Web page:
Scariff Bay Community Radio are in the process of applying for a ten year broadcasting licence that would staple their future on the airwaves.
An expression of interest for a ten year licence from the Broadcasting Authority of Ireland (BAI) has been submitted by Scariff Bay Community Radio who are keen to maintain their strong presence in East Clare for years to come.
Launched in July 2015, Scariff Bay operated as an online only service for a year and a half before obtaining their first temporary (thirty day) licence which allowed them to broadcast every Saturday on FM from March to September 2017, they did the same for 2018 and “took a step up” for 2019 and 2020 by successfully applying for a pilot licence which requires more professional studio facilities and disability access.
All community radio stations in the country are companies limited by guarantee, Jim Collins is Chairperson but is also one of Scariff Bay’s co-founders, having drank plenty of coffee “and our fair share of biscuits” with Brendan Magill to help get it off the ground. He is confident they will be victorious in their quest to secure the ten year licence. “We would have upwards of 50 volunteers in the radio station overall. People are very dedicated and anxious that the radio will succeed, I’ve no doubt there will be a few hiccups but that we will be awarded a licence to broadcast on a ten year licence”.
When their current licence expires in May, Scariff Bay will operate online only for a period as they wait for a decision from the BAI, Jim outlined. “We want to be on FM and we want our listeners to be able to receive us comfortably on their radio but the reality is we could be online only for a number of months before we go on FM again but we’re quite happy with that because we’re looking at the long-term and we want to be on FM long-term and provide a radio service to our local community, if that is the price that’s fine”.
If the bid is successful, the former Inis Cealtra NS principal admitted that it was unlikely to result in a major expansion of their offering but hinted that a Friday evening service could be introduced depending on available resources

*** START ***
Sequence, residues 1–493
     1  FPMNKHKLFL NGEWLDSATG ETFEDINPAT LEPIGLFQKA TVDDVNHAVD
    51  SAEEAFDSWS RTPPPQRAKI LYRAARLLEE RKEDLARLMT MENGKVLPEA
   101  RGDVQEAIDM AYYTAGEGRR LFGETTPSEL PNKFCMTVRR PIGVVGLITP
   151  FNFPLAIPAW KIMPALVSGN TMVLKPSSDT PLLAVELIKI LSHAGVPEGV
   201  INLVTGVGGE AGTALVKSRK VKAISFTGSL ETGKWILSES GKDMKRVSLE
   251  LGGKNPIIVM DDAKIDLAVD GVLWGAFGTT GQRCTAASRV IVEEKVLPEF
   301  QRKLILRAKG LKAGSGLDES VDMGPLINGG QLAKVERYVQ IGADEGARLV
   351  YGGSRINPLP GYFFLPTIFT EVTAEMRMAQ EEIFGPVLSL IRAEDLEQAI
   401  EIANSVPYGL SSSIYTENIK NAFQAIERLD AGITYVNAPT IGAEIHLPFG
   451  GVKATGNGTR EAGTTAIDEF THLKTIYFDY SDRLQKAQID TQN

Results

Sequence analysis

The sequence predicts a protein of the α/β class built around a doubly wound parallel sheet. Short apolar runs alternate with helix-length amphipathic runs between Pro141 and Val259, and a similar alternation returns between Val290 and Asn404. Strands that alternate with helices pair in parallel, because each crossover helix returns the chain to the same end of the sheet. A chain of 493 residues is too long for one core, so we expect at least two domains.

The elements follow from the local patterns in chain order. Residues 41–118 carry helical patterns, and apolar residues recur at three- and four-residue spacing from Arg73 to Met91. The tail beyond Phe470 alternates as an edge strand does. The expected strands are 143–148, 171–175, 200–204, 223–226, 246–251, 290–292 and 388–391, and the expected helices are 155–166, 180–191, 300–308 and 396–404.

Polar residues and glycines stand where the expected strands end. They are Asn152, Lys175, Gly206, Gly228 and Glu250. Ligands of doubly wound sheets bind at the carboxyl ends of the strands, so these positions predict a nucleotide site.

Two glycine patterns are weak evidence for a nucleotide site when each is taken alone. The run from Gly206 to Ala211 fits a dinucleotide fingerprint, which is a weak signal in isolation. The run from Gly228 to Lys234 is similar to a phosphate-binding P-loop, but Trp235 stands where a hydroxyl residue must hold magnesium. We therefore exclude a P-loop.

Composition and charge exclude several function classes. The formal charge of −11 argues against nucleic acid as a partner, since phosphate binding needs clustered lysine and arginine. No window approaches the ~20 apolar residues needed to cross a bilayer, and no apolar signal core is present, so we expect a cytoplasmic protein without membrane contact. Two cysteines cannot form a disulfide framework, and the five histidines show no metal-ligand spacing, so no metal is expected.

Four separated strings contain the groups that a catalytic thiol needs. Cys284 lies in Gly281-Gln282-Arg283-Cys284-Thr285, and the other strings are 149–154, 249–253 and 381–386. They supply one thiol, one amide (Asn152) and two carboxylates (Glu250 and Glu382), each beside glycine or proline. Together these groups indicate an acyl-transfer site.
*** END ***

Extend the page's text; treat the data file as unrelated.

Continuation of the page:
Although presenters may compare their initial broadcasting set-up to a confession box and broom cupboard, the station has gone from strength to strength. The sporting combination of Leo Doyle and Pat McNamara has been lauded with other contributors including Jim, Geraldine Colleran, John S Kelly, Marie McNamara, Trish Nugent and Pat O’Brien also popular.
There has been an increase in listenership for the East Clare community station during the pandemic. Online listenership is measured and peaked at 10,000 individual ears last April. Covering the rival clash of Scariff and Tulla in the intermediate hurling championship also saw more than 1,000 listeners tune in online at the one time. Broadcasting Sunday mass every weekend from Scariff has proven to be a success with weekly listeners as far away as Florida and Cape Town coupled with their regulars in Flagmount and Caher.
Speaking to The Clare Echo, the Mountshannon man expressed his delight with the success of Scariff Bay Radio to date. “We are very happy with it but we’re not complacent either. We’re not trying to compete with RTÉ, Spin South West or Clare FM, we provide a different service, we look at our community in North-East Clare and we try to provide information, sports coverage, traditional music and what people in East Clare are interested in because they are our only constituency”.
The station manager added, “It is a community radio station, it is a service for the people of East Clare and to use as they want particularly organisations be they sporting or community to spread their message of what they are doing and tell people what they are doing. We will try and continue to provide coverage of all that is going in East Clare, any kind of support we can be to groups, organisations or businesses that is what we want to do. All of us involved have great fun, sometimes we forget that, we enjoy doing it, anybody who would like to join and get involved, we would be absolutely thrilled and delighted to welcome people in, it is not a closed shop and is open to the entire community particularly young people who want to break into the media, we might learn something from them because we’re not professionals but we learn everyday”.